Peter J. Brennan, Secretary of Labor, United States Department of Labor v. Local Union 122, Amalgamated Clothing Workers of America, Afl-cio.appeal of United States of America, 564 F.2d 657 (3d Cir. 1977)

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US Court of Appeals for the Third Circuit - 564 F.2d 657 (3d Cir. 1977) Argued Sept. 6, 1977. Decided Oct. 25, 1977

Barbara Allen Babcock, Asst. Atty. Gen., Washington, D. C., David W. Marston, U. S. Atty., Philadelphia, Pa., William Kanter, Eloise E. Davies, Edwin E. Huddleson, III, Attys., Dept. of Justice, Washington, D. C., for appellant.

Alan F. Markovitz, Jerome L. Markovitz, Markovitz, Brooks & Cantor, Philadelphia, Pa., for appellee.

Before VAN DUSEN, ADAMS and HUNTER, Circuit Judges.


ADAMS, Circuit Judge.

This appeal brings before us a dispute concerning the nature of the "remedies" which must be exhausted before an employee may file a complaint with the Secretary of Labor under Title IV of the Labor Management Relations Disclosure Act of 1959 (LMRDA).1  The complaint here contested the validity of a union by-law that requires a nomination for union office to be seconded by 25% of the members present at a nominating meeting.

On October 9, 1972, Local 122 of the Amalgamated Clothing Workers of America held an open union meeting for the purpose of nominating candidates for its November election of officers. Ms. Antonia Velasquez, who had not been slated for any position, attempted to have herself nominated from the floor as a candidate for the position of Joint Board Delegate. Her nomination received only eight seconding votes, although 150 members were present at the meeting.2  Since the governing by-laws required that nominations be seconded by 25% of the members present at the nominating meeting, Ms. Velasquez's name was not placed on the ballot, and she was not elected at the November 1973 election.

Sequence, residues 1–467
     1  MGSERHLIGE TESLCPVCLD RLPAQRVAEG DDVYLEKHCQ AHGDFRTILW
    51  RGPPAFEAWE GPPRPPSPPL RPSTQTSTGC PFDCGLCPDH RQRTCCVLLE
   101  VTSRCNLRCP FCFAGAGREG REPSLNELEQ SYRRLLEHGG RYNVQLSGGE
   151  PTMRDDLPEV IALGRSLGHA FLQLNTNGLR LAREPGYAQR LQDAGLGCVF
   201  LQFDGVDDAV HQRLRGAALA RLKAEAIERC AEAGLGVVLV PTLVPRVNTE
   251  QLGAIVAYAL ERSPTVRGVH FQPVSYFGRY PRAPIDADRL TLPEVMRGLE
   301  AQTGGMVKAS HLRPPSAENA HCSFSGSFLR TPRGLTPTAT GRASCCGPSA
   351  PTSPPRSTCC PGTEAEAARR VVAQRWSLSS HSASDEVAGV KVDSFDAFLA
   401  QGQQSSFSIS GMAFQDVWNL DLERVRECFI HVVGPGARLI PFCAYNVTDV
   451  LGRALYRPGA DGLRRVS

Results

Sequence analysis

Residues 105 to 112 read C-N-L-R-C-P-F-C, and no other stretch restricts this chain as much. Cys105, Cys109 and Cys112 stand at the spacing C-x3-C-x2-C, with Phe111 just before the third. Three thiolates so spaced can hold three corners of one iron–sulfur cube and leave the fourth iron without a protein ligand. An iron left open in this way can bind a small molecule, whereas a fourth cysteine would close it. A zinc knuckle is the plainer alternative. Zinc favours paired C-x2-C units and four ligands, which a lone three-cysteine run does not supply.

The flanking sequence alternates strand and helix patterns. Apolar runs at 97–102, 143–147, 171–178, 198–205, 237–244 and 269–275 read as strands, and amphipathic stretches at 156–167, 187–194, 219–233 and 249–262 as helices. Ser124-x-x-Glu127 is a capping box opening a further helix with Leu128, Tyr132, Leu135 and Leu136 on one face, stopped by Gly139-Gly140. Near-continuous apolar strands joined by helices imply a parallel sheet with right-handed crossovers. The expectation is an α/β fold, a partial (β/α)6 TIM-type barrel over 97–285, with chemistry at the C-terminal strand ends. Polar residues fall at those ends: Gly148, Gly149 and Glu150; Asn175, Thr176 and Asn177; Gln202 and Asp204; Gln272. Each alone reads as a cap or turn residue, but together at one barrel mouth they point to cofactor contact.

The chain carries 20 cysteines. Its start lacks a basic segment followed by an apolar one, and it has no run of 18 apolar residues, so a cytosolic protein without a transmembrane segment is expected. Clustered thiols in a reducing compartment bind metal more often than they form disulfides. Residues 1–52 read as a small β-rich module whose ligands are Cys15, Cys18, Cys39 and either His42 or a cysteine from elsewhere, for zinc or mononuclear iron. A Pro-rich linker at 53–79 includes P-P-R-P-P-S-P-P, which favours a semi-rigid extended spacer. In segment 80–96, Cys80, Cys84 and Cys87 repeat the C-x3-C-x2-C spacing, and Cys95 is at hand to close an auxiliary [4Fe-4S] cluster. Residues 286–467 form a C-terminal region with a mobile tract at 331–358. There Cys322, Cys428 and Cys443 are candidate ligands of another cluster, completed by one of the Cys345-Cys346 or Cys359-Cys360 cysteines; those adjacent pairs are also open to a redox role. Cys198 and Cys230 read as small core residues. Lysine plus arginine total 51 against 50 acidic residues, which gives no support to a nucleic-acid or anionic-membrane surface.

Ms. Velasquez wrote to the Philadelphia Joint Board of the Amalgamated on December 15, 1973, instituting grievance proceedings to protest the nominating procedure. Particularly the letter challenged the 25% rule as violating the LMRDA.

The Secretary of the Joint Board, in a letter dated February 11, 1974, responded that Ms. Velasquez' objections had been considered by a committee of the board of directors of the Philadelphia Joint Board, by the board of directors itself, and by the members of the joint board as a whole, and that the grievance was denied. Further, the February 11th letter suggested that the proper course of action was for Ms. Velasquez to attempt to amend the by-laws.

By letter dated February 22, 1974, Ms. Velasquez appealed the February 11th decision to the General Executive Board of the Amalgamated Clothing Workers. After three months elapsed without response from the General Executive Board, Ms. Velasquez filed a complaint with the Secretary of Labor on April 1, 1974.

On June 1, 1974, the Secretary of Labor brought the present action to set aside the November 1973 election on the ground that the 25% seconding requirement was an unreasonable qualification on the right of candidacy and thus violative of Title IV of the LMRDA, 29 U.S.C. § 481(e).

Without reaching the merits of the charges brought by the Secretary, the district court dismissed the complaint on the ground that Ms. Velasquez had failed to exhaust her remedies as prescribed by the Act. The Secretary has appealed.

The LMRDA, 29 U.S.C. § 482(a) provides:

(a) A member of a labor organization

(1) who has exhausted the remedies available under the constitution and bylaws of such organization and of any parent body, or

(2) who has invoked such available remedies without obtaining a final decision within three calendar months after their invocation,

may file a complaint with the Secretary within one calendar month thereafter alleging the violation of any provision of section 481 of this title.